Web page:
AA VISITING SCHOOL LYNGØR – The Island ReaderProfile

by Amandine Kastler and Erlend Skjeseth, Directors of AAVS Lyngør

01 July 2015
Lyngør Island, Norway

 

The AA Visiting School Lyngør takes place on an island off the southern tip of Norway. Once a nineteenth-century international hub for merchant vessels and their navigators, Lyngør is now a quiet village of around 80 inhabitants. A rocky outcrop in the North Sea, Lyngør Island is challenging to domesticate. An intriguing formal language has developed out of the necessity to straddle such arduous terrain. As a result, building and landscape are interlocked, creating an imaginative range of spatial and material compositions. Over centuries, houses have huddled together to shelter one another from the chilling winds, thunderous waves and white light. From this, Lyngør has evolved into a richly textured vernacular tapestry. Houses were built from materials salvaged from those in decay or out of fashion. Timber was cannibalised, foundations relaid – residues of the past can be read in every surface.

 

Aerial view of Lyngør Island

Aerial view of Lyngør Island

The programme develops the role of the architect as one not only focused on ‘the new’ but on meaningfully responding to the existing. Students will study the relationship between historical precedent and proposed architectural interventions, looking at Lyngør’s distinct built environment as it battles with changing social, environmental, political and cultural currents. The workshop explores key threads of Nordic architecture, as well as those of a small island community.

 

The Sextant invented by Tycho Brahe to measure the distance between stars.

The Sextant invented by Tycho Brahe to measure the distance between stars.

Embedded within the Norwegian psyche is the compulsion to inhabit the natural landscape. Architecture is moulded by a climate that forces clear boundaries between inside and outside. Students will explore these tensions in the work of modern Scandinavian architects and the vernacular of Lyngør Island.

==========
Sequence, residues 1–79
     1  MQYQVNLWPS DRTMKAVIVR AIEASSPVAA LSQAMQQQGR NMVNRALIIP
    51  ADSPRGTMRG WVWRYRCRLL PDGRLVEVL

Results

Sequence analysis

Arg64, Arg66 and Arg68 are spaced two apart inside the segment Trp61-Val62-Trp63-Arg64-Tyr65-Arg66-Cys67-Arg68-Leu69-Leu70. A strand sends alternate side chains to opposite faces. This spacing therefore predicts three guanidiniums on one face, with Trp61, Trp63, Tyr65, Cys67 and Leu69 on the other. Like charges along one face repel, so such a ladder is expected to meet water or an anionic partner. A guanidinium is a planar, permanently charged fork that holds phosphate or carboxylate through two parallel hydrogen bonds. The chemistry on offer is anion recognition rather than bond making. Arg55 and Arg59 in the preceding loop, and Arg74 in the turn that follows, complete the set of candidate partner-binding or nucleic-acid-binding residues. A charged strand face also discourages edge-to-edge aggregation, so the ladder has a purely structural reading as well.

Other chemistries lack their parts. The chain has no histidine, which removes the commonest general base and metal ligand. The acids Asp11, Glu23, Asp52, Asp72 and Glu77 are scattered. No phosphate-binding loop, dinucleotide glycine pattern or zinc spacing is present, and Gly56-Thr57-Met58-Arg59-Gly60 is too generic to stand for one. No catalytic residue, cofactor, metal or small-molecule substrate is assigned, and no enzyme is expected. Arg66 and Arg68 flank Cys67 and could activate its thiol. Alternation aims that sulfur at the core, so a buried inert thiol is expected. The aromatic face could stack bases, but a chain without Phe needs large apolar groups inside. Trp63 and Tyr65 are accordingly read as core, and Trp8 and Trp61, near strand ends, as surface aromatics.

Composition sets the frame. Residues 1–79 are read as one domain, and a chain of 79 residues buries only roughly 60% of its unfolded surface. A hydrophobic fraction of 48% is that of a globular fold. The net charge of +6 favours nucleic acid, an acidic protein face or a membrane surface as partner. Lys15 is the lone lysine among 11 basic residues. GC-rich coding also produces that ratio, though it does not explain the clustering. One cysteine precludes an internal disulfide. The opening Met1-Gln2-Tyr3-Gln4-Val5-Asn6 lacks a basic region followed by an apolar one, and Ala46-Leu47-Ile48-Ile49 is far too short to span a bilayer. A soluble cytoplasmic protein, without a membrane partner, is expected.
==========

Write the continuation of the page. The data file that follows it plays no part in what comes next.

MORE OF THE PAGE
At the outset of the workshop, students will be introduced to strands of Norwegian culture through discussions with contemporary artists, local craftsmen, builders, educators, historians and architects. Excursions will take students to see a range of Norway’s architectural heritage from Stave churches to the poetic modernism of Sverre Fehn.

 

A Master Surveyor reading his surroundings

A Master Surveyor reading his surroundings

Once settled in Lyngør, students will engage with the survey as a key tool of the architect. Surveying allows the quantification and measurement of the world around us, enabling architectural intervention. Adopting the role of archaeologists, anthropologists, editors, and architects, students will develop their own readings of the physical, social, historical and topographical aspects of island life. They will be challenged to record history and memory as well as space and construction. An introduction will be given to the history of instrumentation for the navigation of sea and land, drawing inspiration from tools such as the astrolabe, the telescope and the compass. Learning from traditional techniques of measurement and cartography, students will design ways of quantifying and representing the island through the invention of their own instruments and tools.

 

Galileo’s Surveying Compass; initially invented to accurately aim cannonballs, subsequently used for land surveying

Galileo’s Surveying Compass; initially invented to accurately aim cannonballs, subsequently used for land surveying

 

The subjective gaze of the individual shapes the way in which we measure, and defines what we choose to record. Lyngør Island is the microcosm from which students will conduct their readings. The culmination of this year’s Visiting School will be the compilation of the students’ work into an Island Reader – a multivalent encapsulation of the island.

The Island Reader will capture networks that define human inhabitation on the island. Through the selective process of observing and recording, we will produce a collection of scenes that inherently propose speculative narratives. Students will work individually and in teams to uncover the hidden layers of the island. Topics of investigation will include territorial demarcations, relationships and memory, rights of way and view, systems of utility and services, providence of materials, street-scapes, interiors and the exterior. Students will record and transcribe their observations through drawings, photographs and models – oscillating between observing, documenting, and interpreting. The selection of subjects describe the island as the sum of its parts – an edit of scenes which when taken together constitute The Island Reader.

01_AAVS_LYNGOR_Poster

For more information:

AAVS Lyngør will take place from 11–29 August 2015. We are still accepting applications; explorers from around the world please come and join us for this unique experience. The programme is open to participants from a range of backgrounds, including current architecture and art students, phd candidates and young professionals.

 

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Please contact us with thoughts, ideas or for more information at lyngor@aaschool.ac.uk